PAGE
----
Office of the President

Seven Bits of Advice

Convocation Address Fall 2016

Good afternoon. It is a great pleasure to welcome you to the 48th convocation at UT Dallas.

I have given much thought to what I might say to UT Dallas’ newest students. I chose to look a long way back for inspiration. Before becoming a university president, a college dean or a faculty member, I too was a college student, starting in 1969.

Remember that date.

As a college student, I was much like you, except that I …

Before you feel too bad about my technology-deprived youth, I also watched the crew of Apollo 11 walk on the moon on the eve of my freshman year in 1969. 

Remember that date.

The moonwalks were thrilling and inspiring, but I never imagined that the last one, Apollo 17, would occur in December of my senior year. But that is a story for another time.

No matter at what age, the start of college is a time of anticipation and excitement. I can’t help but be a little envious of you in the audience. You are smart and you have your whole lives ahead of you. Here at UT Dallas, you will receive an education that will open doors to infinite possibilities.  

It is very gratifying to be with you at the beginning of your Year-1 with us. As some of you may know, it is also Year-1 for me at UT Dallas, and I have all of the excitement of a freshman, eager to explore this wonderful campus and make the most of the years ahead.

In academic life, a 48-year-old university, like UT Dallas, is remarkably young. I did my undergraduate and graduate studies at universities that were founded in 1746, 1819 and 1868. As you can imagine, those schools had well-established traditions and reputations long before this young man from New Jersey stepped onto campus. Truth be known, they were little changed when I left … and maybe that was a good thing.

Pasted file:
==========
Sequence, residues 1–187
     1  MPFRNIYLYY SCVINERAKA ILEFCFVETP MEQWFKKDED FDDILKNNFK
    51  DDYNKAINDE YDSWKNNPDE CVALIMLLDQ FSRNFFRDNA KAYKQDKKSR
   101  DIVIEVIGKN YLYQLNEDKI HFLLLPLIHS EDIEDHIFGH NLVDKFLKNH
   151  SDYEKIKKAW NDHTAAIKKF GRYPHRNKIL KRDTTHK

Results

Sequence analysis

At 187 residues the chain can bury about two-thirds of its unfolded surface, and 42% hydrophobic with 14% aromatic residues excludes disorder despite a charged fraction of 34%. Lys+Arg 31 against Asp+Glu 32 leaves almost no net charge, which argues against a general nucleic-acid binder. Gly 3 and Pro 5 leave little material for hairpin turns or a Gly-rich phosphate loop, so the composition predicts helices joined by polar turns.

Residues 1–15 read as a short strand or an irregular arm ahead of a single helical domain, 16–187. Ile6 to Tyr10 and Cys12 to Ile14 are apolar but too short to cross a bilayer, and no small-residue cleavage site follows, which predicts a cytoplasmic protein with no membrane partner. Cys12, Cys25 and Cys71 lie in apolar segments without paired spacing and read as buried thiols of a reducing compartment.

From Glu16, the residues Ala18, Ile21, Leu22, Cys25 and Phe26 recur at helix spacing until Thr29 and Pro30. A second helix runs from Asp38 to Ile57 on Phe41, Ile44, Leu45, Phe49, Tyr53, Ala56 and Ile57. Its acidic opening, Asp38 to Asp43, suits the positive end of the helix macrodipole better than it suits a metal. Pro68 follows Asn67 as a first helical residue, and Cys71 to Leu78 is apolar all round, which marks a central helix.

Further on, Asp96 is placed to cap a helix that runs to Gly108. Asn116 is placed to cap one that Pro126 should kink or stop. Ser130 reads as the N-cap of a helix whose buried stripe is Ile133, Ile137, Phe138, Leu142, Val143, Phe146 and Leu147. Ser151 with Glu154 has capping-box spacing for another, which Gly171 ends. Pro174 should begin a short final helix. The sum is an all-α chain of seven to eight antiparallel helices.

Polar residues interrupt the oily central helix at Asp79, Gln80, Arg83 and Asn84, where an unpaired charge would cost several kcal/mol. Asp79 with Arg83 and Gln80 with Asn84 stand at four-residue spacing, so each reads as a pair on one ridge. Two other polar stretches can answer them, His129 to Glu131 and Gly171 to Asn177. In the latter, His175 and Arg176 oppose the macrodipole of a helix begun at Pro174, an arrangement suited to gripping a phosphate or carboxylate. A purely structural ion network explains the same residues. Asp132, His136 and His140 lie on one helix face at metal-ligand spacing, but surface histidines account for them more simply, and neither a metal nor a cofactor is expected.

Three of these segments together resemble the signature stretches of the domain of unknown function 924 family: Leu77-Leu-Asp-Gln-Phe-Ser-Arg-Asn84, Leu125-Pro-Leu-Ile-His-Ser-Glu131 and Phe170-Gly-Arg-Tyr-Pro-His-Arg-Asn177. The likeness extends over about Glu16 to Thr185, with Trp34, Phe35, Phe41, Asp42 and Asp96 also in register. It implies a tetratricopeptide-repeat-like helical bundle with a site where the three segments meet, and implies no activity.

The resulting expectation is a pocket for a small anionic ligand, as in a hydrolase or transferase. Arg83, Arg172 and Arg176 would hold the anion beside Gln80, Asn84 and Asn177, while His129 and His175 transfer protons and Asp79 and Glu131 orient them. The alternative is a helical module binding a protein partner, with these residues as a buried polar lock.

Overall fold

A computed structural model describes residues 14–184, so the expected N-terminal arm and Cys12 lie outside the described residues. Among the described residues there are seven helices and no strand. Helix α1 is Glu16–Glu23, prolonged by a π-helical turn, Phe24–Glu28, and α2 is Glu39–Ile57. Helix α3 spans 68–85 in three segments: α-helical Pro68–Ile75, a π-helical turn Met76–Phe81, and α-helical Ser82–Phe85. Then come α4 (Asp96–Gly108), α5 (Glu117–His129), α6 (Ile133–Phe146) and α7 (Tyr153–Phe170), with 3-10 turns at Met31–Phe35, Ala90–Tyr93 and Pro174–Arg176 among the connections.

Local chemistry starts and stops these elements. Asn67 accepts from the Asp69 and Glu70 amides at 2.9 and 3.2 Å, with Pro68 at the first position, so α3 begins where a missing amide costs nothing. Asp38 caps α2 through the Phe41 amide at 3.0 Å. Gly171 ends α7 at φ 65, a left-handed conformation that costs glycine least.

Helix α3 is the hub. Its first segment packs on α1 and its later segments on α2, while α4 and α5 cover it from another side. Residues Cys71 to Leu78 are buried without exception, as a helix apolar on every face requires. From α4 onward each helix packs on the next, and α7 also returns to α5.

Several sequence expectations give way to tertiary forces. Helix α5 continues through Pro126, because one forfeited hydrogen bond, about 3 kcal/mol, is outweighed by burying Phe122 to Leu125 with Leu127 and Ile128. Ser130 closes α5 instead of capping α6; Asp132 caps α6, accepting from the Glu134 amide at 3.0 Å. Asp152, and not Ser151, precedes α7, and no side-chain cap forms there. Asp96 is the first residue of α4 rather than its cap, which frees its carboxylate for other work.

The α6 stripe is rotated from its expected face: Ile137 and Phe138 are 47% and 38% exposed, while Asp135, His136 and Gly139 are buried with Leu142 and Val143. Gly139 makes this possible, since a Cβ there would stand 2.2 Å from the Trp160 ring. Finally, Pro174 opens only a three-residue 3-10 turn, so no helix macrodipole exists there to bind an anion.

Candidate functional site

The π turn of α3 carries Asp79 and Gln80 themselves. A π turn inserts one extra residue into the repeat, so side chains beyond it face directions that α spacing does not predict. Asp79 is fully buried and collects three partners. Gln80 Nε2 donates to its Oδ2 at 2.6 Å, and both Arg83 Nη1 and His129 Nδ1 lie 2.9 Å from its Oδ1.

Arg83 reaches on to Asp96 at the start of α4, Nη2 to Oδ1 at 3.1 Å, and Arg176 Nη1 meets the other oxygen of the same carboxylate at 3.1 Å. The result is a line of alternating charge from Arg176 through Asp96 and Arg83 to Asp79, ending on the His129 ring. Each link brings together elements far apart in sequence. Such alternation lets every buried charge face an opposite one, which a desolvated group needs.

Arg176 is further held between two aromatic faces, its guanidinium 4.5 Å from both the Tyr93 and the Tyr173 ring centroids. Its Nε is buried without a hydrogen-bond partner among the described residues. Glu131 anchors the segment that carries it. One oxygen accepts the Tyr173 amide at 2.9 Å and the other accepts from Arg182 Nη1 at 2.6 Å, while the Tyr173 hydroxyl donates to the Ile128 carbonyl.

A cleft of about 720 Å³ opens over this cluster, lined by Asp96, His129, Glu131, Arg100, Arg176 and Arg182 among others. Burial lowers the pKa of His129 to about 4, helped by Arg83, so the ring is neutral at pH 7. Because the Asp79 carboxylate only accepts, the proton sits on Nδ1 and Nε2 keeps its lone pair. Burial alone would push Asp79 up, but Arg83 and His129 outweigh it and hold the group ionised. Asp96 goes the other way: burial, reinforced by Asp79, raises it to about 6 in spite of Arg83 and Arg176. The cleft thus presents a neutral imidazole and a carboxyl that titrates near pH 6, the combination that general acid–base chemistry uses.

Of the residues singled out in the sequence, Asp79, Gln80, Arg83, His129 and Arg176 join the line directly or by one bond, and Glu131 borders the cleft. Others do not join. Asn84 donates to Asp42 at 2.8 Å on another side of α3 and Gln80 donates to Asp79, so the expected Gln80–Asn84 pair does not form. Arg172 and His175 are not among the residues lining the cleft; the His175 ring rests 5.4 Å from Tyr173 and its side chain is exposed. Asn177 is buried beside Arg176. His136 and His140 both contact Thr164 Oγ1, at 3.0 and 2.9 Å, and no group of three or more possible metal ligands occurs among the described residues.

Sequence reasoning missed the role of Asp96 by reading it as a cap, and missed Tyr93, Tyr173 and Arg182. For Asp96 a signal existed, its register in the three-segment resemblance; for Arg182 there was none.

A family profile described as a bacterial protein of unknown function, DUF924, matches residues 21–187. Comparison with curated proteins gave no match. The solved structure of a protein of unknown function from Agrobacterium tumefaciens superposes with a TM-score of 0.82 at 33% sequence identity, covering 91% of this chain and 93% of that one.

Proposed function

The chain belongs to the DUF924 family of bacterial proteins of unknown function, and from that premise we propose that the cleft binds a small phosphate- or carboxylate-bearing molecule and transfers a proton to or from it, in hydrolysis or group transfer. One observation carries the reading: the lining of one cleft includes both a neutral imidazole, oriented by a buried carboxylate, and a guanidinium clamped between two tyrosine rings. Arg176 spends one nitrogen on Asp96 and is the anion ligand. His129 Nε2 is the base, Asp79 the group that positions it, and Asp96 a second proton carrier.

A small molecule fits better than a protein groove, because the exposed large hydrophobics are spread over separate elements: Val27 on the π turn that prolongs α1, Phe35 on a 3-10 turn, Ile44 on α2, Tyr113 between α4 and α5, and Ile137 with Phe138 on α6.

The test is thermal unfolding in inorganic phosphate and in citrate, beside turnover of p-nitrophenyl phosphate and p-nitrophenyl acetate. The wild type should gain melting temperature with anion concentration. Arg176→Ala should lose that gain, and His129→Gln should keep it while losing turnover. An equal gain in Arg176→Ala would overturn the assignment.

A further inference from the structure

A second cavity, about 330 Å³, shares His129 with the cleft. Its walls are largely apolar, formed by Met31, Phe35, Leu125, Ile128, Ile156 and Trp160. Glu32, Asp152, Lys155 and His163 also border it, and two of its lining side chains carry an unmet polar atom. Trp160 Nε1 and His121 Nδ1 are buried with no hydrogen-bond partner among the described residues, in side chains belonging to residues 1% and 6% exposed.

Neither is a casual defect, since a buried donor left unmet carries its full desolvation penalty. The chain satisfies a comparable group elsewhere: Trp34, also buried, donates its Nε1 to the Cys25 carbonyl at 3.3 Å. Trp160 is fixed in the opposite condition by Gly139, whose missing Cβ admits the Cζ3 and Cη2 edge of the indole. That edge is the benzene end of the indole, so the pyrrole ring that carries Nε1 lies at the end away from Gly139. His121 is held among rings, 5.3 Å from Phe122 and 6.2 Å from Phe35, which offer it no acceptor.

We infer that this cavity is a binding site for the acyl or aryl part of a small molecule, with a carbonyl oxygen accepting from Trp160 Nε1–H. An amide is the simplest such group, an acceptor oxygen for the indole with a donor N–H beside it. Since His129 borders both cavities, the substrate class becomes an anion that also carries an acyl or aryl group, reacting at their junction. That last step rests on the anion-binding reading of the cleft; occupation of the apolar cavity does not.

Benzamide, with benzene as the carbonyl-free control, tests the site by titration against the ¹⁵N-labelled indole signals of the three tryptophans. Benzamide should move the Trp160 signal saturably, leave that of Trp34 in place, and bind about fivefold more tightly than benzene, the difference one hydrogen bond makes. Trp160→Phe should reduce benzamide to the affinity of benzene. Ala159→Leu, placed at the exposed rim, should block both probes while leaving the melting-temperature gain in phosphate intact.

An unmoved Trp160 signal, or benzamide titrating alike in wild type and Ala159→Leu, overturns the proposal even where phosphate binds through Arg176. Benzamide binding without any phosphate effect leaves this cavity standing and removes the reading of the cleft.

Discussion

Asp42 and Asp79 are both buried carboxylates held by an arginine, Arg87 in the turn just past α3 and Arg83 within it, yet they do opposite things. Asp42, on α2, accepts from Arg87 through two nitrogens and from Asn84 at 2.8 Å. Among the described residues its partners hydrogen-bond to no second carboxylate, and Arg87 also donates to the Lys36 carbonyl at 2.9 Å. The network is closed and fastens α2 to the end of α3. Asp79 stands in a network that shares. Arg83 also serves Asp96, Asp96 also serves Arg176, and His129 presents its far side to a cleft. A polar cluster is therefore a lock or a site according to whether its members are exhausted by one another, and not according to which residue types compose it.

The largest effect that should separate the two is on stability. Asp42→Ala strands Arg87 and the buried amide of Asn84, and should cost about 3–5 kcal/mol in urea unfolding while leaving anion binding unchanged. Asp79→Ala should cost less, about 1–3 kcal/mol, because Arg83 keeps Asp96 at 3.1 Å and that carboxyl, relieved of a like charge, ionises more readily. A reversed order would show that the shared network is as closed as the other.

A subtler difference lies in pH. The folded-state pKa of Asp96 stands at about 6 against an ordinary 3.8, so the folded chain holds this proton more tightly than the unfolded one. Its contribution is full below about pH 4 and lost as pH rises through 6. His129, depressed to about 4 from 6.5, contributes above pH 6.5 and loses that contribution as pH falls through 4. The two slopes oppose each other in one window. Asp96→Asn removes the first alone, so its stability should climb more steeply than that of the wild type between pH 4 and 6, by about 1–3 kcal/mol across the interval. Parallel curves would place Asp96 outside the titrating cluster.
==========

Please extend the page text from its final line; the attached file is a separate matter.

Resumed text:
UT Dallas is a very different story. The growth of this university in the span of just two generations has been nothing short of spectacular, and I can assure you that UT Dallas will be measurably changed when you graduate a little after our 50th anniversary. More importantly, you will be measurably changed in those same years.[TR1] 

Look around you in this audience. You see one of the more diverse student bodies in the nation. In an earlier era, this precious education would have been closed off to many of you. Not so today. You come from uncountably many walks of life, and …

You earned the right to be here! 

You are as accomplished as any student body at any public university in the state of Texas. 

Today, many of these fellow students are strangers to you, but they won’t be for long. You are about to embark on a wonderful journey of education during which you will learn from your classmates as well as from your teachers.

Let me tell you a story about our origins — a story decidedly about Dallas and the Metroplex. In the 1960s, the young company of Texas Instruments was doing groundbreaking work in electronics and geophysical sensing. 

Unfortunately, TI struggled to attract the talent that they needed in science and engineering to maintain their technological leadership. 

To address this shortfall, three visionary men — Eugene McDermott, Cecil Green and Erik Jonsson — established the Graduate Research Center of the Southwest. 

In time, this center became the Southwest Center for Advanced Studies, and then in 1969 …

“The growth of this university in the span of just two generations has been nothing short of spectacular, and I can assure you that UT Dallas will be measurably changed when you graduate a little after our 50th anniversary. More importantly, you will be measurably changed in those same years.”

Have I mentioned that year to you?

The University of Texas at Dallas was officially launched as a part of The University of Texas System in 1969. You, of course, see the McDermott, Green and Jonsson names everywhere on campus, and our first building, the Founders Building, honors all three.